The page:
2. What do you enjoy most about your business or profession?

I like always to be specific when I ask this question. If the person I’m talking to is an author, I’ll ask something like, “What do you enjoy most about being an author?” or maybe, “What did you enjoy most about writing your new book, “Overnight Success?” as opposed to, “What do you like about your occupation?” See the difference?

Again, it’s a question that elicits a good, positive feeling. It will also get the conversation moving forward.

3. What separates you and your company from the competition?

This is a permission-to-brag question, and the answer will help you learn what the other person believes is special about her business. Again, be as specific as you can with “company” and “competition”. Sometimes this question may include not a company but an activity or charitable cause. Either way, this approach works very well.

4. What advice would you give someone just starting in the ABC business?

This is a mentor type of question. We all like to be perceived as experts in our field so let the other person shine a bit and possibly share some pearls of wisdom with you. [tip- when he or she answers this question, ask a follow-up open-ended question. For example, “That’s interesting, why is that so important?”]

5. What one thing would you do with your business (or life, interest) if you knew you could not fail?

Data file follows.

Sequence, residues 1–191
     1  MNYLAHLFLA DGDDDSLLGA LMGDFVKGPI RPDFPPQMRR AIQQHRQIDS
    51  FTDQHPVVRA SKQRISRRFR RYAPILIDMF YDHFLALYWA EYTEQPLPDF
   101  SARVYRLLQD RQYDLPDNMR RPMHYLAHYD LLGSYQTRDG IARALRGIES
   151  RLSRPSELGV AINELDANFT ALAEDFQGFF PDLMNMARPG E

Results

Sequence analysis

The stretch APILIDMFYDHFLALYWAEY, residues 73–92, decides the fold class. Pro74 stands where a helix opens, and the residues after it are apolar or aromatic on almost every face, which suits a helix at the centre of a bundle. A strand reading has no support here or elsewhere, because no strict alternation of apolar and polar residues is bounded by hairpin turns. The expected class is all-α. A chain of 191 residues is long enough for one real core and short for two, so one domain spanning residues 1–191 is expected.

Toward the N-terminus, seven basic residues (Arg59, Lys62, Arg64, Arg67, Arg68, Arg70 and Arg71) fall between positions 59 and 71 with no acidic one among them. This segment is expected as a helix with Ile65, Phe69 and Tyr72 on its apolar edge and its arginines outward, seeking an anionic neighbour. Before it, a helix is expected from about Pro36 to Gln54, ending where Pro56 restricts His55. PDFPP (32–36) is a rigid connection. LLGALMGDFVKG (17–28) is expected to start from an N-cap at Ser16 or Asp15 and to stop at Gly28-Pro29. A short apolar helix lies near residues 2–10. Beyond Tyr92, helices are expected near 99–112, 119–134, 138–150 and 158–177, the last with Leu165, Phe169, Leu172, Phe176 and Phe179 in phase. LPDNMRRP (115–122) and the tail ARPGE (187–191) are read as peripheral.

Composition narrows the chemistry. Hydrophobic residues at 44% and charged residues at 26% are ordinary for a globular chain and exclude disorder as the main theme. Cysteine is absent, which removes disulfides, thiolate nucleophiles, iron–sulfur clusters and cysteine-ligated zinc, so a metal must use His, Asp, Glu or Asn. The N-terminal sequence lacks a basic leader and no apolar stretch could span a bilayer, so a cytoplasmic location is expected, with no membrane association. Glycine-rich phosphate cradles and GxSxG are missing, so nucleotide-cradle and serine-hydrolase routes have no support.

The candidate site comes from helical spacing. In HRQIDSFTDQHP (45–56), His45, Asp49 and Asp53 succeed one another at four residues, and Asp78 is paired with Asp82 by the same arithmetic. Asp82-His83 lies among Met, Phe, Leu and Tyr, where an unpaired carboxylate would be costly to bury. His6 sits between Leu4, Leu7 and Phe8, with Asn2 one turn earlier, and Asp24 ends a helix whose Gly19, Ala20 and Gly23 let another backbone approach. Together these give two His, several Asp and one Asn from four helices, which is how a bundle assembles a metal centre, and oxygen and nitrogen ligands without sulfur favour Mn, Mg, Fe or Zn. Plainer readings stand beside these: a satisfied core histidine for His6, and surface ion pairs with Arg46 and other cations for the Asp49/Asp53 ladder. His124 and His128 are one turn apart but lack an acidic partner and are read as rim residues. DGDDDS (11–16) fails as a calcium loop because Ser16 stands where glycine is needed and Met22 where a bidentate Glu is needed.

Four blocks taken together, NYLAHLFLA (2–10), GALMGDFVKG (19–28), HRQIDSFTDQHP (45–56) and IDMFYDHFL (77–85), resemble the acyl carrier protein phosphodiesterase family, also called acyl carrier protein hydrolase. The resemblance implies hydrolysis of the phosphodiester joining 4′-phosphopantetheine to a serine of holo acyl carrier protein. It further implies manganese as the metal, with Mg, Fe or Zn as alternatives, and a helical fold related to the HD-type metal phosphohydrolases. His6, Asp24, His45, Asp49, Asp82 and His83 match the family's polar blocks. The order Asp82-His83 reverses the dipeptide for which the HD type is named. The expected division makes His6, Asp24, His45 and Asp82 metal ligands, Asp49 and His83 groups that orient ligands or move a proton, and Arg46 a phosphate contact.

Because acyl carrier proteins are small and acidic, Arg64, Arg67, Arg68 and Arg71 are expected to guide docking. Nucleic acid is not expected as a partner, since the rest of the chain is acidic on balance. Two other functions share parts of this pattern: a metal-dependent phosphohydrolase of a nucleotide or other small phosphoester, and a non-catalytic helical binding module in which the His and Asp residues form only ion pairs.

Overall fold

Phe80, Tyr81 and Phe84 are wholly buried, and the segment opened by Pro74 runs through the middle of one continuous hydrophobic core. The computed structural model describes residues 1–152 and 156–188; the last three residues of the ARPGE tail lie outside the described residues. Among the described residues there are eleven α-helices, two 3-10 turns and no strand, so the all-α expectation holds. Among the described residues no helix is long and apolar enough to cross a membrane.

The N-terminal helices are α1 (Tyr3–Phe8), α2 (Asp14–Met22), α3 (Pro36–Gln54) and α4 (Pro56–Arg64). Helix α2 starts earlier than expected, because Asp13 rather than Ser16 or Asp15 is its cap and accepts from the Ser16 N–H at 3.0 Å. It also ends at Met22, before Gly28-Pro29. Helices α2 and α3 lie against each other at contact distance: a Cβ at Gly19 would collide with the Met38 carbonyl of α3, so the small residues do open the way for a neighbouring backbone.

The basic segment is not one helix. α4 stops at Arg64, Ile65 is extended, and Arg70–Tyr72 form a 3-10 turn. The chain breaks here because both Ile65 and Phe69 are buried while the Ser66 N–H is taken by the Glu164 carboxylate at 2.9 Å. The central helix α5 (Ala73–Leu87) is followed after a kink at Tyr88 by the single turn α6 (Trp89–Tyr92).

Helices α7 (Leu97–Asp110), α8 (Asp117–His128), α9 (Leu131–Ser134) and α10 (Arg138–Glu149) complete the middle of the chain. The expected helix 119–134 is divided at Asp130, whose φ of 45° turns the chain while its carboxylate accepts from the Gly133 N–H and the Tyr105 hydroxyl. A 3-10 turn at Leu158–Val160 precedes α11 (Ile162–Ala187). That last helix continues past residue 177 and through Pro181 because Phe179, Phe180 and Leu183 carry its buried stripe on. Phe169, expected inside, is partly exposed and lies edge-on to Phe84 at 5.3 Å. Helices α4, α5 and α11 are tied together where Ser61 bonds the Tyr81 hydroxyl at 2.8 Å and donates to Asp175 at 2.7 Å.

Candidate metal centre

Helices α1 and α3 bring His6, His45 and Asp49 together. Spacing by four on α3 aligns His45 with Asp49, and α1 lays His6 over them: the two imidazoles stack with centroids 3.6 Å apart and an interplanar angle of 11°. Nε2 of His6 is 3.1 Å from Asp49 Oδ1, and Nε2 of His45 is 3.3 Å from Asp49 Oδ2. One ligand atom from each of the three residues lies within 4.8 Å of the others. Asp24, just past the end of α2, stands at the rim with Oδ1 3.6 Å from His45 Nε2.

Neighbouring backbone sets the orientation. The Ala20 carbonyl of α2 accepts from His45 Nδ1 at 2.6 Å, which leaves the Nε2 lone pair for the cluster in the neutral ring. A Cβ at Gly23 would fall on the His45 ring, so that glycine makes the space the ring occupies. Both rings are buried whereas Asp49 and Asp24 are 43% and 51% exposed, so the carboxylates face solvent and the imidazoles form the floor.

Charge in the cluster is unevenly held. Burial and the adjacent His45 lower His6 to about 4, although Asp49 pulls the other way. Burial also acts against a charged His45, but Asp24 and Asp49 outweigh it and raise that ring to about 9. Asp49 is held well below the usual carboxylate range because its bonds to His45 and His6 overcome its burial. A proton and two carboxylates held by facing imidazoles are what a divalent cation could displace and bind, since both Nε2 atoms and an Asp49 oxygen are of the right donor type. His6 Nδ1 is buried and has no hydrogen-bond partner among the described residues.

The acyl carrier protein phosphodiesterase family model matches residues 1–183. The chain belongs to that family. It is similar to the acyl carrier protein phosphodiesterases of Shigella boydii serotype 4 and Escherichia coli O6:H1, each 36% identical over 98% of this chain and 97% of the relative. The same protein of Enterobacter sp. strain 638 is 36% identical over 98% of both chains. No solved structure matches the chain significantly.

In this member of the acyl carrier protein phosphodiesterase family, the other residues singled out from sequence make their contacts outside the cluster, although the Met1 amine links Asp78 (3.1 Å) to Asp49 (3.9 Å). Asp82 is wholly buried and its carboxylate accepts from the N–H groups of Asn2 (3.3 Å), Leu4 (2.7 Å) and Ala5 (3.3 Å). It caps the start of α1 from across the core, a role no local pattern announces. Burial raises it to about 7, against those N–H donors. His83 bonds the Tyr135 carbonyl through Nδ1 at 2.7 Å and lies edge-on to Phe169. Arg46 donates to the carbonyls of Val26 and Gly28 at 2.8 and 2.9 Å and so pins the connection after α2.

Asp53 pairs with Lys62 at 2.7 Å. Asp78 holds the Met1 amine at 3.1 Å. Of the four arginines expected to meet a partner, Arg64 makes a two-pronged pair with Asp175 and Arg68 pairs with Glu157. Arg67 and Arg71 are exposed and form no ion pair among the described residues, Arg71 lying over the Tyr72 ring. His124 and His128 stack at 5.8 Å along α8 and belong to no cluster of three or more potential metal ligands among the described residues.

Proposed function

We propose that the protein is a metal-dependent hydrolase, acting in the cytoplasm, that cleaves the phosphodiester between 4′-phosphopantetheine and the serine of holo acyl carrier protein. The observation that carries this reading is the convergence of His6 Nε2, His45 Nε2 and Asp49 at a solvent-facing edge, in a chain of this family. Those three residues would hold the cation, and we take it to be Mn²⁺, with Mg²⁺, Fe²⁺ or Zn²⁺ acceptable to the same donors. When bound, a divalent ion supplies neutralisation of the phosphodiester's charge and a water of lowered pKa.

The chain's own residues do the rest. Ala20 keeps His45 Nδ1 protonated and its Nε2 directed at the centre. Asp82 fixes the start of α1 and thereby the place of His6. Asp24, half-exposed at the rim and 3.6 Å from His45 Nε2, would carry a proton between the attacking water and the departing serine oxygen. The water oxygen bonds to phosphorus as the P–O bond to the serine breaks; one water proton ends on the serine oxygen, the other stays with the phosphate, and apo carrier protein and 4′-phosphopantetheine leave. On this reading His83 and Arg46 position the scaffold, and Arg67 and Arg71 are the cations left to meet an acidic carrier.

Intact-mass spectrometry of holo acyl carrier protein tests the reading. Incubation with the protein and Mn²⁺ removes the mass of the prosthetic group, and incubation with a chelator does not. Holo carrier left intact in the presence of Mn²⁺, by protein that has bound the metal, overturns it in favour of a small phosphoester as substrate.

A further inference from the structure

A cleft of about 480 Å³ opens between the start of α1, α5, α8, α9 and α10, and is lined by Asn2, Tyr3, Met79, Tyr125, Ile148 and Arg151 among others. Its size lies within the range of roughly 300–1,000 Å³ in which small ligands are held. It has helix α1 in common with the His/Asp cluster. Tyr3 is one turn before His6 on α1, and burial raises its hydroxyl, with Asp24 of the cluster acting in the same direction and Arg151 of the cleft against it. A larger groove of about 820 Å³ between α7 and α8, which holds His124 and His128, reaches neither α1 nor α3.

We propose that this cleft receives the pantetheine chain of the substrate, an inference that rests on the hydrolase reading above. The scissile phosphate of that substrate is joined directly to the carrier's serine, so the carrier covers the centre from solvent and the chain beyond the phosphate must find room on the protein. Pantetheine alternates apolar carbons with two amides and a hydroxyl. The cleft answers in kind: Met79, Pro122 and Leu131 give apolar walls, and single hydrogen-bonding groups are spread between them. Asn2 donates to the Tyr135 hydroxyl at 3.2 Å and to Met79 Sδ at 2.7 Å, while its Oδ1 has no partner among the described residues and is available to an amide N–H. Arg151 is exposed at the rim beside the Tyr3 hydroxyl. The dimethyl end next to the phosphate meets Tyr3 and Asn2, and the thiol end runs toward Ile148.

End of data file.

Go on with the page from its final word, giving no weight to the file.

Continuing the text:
This is a great way to find out what the other person’s true interest is. What are her dreams and goals?

6. What significant changes have you seen take place in your business or profession throughout the years?

This is a great question for someone a few years older than you. They’ve put in their time and usually enjoy sharing their opinions and stories.

7. What do you see as the coming trends in your business or profession?

This question asks the other person to speculate on the future. Think about this. Isn’t this a question that’s normally reserved for important guests on television shows like CNN? If the person happens to be an expert, you just might learn something from the answer. In any case, you’ll probably make them feel good about themselves just by asking the question.

8. Describe the strangest or funniest incident you’ve experienced in your business or profession?

People love sharing war stories so here’s their chance. Most people don’t get the chance to share these stories, and now you’ve volunteered to be their audience.

9. What ways have you found to be the most effective way to help others or to promote your business or profession (or issue you’re discussing)?

You’ll not only get good ideas to help you move forward with a project or business need, but you’ll also find out how this person thinks.

10. What one sentence would you like people to use in describing the way you do business or practice your profession?

You’ve just asked a question that most people are never asked. The other person’s answer will reveal quite a bit. They’ll also appreciate the fact that you care.

Conclusion

Use one or two of these ten questions to get your next conversation going in the right direction. Care about who you’re talking with and what they’re saying.

Be sincere and genuine. Make eye contact and stop looking down at your smartphone.

Finally and most importantly, enjoy the new relationship you just started!